Electronic saxophones have resulted from fusing the acoustical qualities of the raw power and tonality of a brass saxophone with the electronic modifications of a microphone, preamp and a speaker.
L2P Special: The History Of Electric Sax—Written by Gwen Shroyer
The first electronic saxophone that I am aware of was the Varitone introduced in 1965 by H & A Selmer. They worked hand in hand with Electro Voice to insure that the electronics were pristine. The full design was a professional saxophone with an embedded microphone in the neck. The controls were attached to the key guard of the low B and Bb on the bell so that one could reach it easily with the right hand. With it one could achieve tremolo, echo, synthesized tone in a lower octave and control over the tone quality and volume. The control unit plugged into the powered external speaker cabinet that one had to tote around with their setup. The most notable player to use the Varitone was Eddie Harris on tenor saxophone. Harris's talent in experimental jazz is well noted using the electronic saxophone as well as his Mark VI.
The Hammond Instrument Company also manufactured an electronic saxophone that they called the Condor. Unlike Selmer, the Condor did not actually include a saxophone. One had to drill and thread a hole in their saxophone mouthpiece to screw in the pickup holder which is where the sound was captured and sent to the Condor's controller unit. The tone could be manipulated to create a number of brass instrument tones as well as up to three synthesized octaves and volume control to an amplifier.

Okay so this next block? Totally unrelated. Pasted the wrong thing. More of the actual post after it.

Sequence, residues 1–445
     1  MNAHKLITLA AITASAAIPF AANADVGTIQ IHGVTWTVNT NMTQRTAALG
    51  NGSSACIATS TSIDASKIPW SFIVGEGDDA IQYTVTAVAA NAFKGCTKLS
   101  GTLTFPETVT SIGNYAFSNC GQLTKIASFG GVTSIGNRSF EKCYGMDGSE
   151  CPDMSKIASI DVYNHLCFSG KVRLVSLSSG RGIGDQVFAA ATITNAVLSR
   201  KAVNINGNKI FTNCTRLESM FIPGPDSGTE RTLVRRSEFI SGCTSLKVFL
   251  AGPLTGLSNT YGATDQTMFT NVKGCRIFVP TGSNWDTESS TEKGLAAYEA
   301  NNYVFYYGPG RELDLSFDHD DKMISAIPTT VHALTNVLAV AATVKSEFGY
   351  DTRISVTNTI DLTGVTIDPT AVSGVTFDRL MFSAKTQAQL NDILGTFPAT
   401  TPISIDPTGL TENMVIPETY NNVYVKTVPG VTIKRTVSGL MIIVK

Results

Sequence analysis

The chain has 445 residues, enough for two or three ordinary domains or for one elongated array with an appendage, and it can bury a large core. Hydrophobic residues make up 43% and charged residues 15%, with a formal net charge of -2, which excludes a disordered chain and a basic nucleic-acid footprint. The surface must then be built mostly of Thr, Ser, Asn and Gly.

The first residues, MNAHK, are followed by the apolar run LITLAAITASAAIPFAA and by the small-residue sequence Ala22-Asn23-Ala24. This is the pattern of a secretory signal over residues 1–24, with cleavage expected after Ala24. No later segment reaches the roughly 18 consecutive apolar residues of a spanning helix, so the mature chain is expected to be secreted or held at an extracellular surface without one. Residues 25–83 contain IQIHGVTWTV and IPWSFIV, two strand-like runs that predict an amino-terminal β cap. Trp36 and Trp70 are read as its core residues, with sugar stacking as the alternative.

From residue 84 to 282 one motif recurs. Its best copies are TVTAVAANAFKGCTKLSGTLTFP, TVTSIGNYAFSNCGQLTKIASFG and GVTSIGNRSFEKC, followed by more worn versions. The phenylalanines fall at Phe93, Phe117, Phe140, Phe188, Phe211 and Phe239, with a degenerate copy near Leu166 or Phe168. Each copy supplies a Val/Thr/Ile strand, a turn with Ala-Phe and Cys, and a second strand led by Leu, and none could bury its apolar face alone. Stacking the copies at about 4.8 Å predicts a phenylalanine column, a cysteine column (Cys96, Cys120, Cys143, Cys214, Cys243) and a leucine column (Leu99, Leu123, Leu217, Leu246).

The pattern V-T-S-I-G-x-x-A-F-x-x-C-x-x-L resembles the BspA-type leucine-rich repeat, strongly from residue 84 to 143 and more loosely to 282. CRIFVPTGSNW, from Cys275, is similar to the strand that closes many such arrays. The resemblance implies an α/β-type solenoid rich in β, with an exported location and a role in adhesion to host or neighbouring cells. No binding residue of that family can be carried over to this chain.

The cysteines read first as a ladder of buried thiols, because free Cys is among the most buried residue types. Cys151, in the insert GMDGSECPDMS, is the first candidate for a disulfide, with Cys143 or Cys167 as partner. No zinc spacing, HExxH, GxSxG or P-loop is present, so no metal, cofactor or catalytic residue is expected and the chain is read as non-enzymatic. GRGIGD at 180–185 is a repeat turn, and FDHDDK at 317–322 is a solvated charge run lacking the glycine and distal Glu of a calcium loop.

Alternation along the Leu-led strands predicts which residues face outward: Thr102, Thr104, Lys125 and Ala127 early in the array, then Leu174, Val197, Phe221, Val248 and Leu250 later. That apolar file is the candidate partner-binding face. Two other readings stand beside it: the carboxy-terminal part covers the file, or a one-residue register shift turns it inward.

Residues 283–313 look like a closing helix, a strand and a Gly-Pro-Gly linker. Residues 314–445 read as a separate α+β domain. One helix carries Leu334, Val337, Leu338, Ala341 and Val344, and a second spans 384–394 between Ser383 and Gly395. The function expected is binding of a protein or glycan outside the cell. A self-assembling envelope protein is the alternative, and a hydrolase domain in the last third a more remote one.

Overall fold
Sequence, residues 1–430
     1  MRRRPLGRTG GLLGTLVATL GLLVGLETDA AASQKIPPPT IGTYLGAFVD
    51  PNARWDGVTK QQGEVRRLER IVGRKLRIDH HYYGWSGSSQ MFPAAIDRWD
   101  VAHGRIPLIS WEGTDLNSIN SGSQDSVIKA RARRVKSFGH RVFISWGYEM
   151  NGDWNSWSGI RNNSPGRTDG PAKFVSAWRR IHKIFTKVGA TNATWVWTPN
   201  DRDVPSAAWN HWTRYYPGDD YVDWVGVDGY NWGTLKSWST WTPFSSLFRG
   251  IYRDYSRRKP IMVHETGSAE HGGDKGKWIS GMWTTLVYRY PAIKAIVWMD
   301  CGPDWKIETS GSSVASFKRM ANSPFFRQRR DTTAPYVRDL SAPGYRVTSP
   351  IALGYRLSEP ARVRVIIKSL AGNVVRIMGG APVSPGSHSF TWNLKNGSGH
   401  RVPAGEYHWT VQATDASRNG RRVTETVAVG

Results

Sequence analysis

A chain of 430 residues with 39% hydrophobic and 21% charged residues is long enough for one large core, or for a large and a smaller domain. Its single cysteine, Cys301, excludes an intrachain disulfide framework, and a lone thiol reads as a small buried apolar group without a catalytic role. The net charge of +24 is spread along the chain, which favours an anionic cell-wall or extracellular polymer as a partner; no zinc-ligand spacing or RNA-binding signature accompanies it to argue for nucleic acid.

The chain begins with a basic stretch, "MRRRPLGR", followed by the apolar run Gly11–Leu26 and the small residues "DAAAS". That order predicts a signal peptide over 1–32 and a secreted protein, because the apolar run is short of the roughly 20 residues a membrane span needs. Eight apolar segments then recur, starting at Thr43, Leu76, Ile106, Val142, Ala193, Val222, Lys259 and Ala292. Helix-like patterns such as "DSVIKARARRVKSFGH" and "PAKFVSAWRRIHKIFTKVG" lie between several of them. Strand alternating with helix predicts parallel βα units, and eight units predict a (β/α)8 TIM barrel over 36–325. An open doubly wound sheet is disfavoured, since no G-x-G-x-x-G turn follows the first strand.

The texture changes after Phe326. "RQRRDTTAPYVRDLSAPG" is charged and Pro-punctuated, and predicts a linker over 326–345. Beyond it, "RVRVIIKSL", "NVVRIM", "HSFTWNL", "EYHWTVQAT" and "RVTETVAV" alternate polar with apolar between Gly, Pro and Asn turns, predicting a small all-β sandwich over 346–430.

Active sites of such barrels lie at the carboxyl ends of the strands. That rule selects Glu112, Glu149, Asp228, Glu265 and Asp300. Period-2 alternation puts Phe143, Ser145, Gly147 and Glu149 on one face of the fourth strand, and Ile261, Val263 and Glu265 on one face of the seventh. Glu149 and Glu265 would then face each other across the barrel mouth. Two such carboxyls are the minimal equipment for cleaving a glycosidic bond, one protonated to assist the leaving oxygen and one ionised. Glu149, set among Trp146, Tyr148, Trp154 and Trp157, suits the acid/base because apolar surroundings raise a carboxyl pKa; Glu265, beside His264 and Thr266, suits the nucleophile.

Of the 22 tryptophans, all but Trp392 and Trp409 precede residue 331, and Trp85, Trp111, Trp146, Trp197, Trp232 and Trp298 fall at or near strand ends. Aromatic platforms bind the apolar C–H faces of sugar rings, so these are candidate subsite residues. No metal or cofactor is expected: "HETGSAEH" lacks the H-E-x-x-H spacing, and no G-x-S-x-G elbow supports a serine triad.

A more modern version of an electric saxophone called the Synthophone is made by Softwind Instruments. They basically take a Yamaha 23 or 275 series student saxophone and retrofit it with a lip sensor attached to the reed and add the electronics within the instrument itself. This instrument is more in line with a keyboard synthesizer as it completely changes the tone to any variation available on a tone module.
Other instruments in this variety are the Akai EWI
, Casio DH100, Casio DH200 and the Yamaha WX11
and Yamaha WX5 wind controllers. The thing that really sets the Synthophone
apart from the others is the fact that it is embodied into an actual saxophone. This type of feel can add a lot more to the playing experience. The most notable saxophone player to use this type of electronic saxophone was Michael Brecker who famously used the EWI on several of his recordings as well as in hundreds of live events. He was able to manipulate the tonal qualities to sound like he was playing
any thing from a fiddle to an electric bass guitar. He was quite the musician and could make his Selmer Mark VI Tenor sing like the best of them but to hear what he was capable of creating musically with an electronic saxophone was just as impressive.
I have played many of these instruments and even owed a few Yamaha Midi Wind Controllers as well. Experimenting with these instruments can be a lot of fun as well as the increase of one's playing and rehearsal time to accommodate being proficient on them. I would love to hear back from you about your experimenting with electronic saxophones and those that you have encountered playing them as well.